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The Kool-Aid Stand: Dwane Casey and the beauty of a new hand

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Casey got oh so close with Toronto but now he’s been given a freshly dealt new set of cards.

Detroit Pistons Introduce Dwane Casey Photo by Gregory Shamus/Getty Images

Without even coaching a minute in the Motor City Dwane Casey comes to Detroit as one of the most qualified coaches ever to grace our sidelines. You could argue Larry Brown or even Stan Van Gundy were both more qualified coming in - each having brought teams to the NBA Finals prior to their arrivals - but even if he’s third on that list it would normally be seen as an exciting hire and a cause for optimism.

Most people however are hesitant to jump on the Casey bandwagon, hesitant to let their imaginations run wild with dreams of playoff success and championship aspirations, and with good reason. Concerns of Casey as a coach that pale in comparison to those of the capability of the team he’s largely inheriting temper excitement and expectation quite a bit for fans who have endured one playoff berth in the last nine seasons.

In one sentence here’s the meat of what Casey is up against:

How is anyone supposed to buy into any coach leading this team anywhere?

This team has its issues written in 10 foot high letters. Blinking neon ones, with sparkles, and spot lights. In this day of Super Teams how is this team supposed to go anywhere lead by a “big three” who critics see as:

  1. A potentially past-his-prime, overpaid, oft-injured former superstar in Blake Griffin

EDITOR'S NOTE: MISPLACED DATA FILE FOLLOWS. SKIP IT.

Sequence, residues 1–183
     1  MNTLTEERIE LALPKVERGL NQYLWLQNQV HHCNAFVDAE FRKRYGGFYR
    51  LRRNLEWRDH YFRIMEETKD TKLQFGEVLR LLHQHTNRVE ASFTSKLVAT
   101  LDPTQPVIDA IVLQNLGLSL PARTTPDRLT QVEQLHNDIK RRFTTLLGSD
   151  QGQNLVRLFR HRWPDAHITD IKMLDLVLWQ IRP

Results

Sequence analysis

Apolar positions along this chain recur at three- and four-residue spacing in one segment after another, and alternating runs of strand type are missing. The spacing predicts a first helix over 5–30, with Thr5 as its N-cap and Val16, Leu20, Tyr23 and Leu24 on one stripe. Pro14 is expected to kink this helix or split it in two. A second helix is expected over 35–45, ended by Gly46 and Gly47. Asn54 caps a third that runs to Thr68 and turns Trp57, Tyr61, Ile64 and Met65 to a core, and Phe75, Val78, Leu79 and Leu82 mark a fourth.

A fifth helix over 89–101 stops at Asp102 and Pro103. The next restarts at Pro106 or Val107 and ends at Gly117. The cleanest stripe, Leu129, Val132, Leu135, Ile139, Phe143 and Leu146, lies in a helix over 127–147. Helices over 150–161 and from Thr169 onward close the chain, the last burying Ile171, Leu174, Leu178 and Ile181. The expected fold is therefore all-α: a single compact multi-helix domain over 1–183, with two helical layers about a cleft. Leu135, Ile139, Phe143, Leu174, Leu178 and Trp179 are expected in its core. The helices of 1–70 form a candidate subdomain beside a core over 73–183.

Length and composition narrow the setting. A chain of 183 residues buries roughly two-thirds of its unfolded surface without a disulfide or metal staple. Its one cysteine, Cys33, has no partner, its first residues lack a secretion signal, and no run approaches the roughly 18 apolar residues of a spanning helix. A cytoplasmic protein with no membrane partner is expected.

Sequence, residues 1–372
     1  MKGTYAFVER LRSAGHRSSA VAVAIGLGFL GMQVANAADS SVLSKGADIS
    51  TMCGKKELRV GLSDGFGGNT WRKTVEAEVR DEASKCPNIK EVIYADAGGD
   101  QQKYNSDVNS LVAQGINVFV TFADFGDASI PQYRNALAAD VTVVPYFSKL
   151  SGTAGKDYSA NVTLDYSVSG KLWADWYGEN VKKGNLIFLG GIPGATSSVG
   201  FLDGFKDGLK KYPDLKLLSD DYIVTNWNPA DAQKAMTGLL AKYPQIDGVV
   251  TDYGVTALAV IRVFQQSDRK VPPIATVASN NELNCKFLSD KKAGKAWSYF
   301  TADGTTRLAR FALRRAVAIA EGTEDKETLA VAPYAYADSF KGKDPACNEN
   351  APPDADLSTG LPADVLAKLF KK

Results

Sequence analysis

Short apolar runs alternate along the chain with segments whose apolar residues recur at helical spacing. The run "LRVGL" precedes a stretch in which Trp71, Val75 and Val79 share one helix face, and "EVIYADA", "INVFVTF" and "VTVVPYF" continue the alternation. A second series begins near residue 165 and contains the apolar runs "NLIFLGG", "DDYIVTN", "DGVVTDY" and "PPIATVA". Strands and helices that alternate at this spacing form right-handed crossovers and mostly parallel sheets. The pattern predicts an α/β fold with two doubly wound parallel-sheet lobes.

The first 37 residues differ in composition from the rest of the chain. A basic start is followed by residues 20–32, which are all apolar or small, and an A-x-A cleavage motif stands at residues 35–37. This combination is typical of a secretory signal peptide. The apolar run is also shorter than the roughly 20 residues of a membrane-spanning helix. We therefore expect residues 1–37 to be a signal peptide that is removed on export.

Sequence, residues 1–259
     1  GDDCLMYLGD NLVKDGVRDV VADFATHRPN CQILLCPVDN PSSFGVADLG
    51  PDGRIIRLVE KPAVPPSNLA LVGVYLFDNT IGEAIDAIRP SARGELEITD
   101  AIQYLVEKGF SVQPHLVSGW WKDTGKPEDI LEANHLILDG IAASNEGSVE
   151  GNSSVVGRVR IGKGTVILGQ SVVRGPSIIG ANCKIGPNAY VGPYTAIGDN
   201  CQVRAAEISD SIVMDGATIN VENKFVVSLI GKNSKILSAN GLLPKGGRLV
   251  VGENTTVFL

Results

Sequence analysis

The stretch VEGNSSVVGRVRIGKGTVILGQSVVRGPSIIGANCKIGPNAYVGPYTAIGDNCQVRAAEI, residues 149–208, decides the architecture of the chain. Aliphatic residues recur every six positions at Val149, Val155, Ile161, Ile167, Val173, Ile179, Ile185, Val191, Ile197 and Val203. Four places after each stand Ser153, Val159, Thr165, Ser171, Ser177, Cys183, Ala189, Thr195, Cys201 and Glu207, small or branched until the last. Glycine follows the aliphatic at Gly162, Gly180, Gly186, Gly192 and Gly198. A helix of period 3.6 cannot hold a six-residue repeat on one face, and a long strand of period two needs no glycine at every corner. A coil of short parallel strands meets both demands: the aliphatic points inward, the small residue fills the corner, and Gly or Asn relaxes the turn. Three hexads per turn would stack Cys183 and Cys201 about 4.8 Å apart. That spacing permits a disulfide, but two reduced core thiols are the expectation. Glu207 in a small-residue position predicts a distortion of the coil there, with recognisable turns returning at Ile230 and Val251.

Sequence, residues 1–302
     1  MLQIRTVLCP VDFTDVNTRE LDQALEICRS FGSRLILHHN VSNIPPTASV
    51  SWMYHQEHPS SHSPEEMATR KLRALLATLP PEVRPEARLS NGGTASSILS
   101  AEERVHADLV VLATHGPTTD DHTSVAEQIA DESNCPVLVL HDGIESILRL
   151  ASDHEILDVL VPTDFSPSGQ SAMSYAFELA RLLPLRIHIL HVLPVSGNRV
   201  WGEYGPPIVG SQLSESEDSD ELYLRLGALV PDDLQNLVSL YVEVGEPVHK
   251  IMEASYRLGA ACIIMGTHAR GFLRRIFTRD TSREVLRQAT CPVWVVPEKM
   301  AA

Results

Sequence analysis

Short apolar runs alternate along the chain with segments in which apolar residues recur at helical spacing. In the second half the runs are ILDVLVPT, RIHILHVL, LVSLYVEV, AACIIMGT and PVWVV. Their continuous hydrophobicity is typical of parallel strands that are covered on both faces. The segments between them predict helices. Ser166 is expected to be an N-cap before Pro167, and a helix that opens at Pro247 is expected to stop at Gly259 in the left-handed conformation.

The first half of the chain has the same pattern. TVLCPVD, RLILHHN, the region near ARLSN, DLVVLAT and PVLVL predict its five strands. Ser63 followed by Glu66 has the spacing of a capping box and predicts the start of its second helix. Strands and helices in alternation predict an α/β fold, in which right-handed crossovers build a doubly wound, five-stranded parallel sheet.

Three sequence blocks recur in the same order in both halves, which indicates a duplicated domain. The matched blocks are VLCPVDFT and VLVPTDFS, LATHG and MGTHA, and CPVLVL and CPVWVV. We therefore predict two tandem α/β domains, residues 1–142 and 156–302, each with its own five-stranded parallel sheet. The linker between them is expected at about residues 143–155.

2. An old school big/pre-unicorn big man with a very underdeveloped offensive game who has peaked in Andre Drummond
  3. An potentially overpaid oft-injured second to third tier point guard in Reggie Jackson

Add to that a roster surrounding them of mostly replacement level players and only a handful of young players, none of whom scream star. And oh yeah, *whispers* no cap space to be part of the free agent free-for-all next off season.

Looks dire. Very dire. The only real change that could be and was made to shake things up (and made rather swiftly once the SVG days were officially over) was hiring head coach Dwane Casey as part of a front office overhaul.

So now in many ways any real, substantial overarching change begins and ends with Casey and his ability and position as the tie that binds these players and this new organization together.

Gulp. No pressure there.

Yet Casey took the job knowing full well what laid in store for him, and Casey doesn’t strike me as guy who doesn’t care about winning and just took a sweet gig for the money. No, in fact after what happened to him in Toronto - being fired after being voted coach of the year by both his peers and the NBA at large - all eyes will be on him to see if he can lead a much less talented team on paper to success in the playoffs, a feat which would help point to his firing as being unjust. Anyone who succeeds on a high level owes a certain amount of their success to the fire under their ass lit by the chips that life places on their shoulders. Make no mistake, Casey being fired had to have put a massive chip on his shoulder and corresponding fire under his you-know-what and he will have his sights set on success. Not only success like he had in Toronto but an even higher level of success, a level he sniffed at but never reached.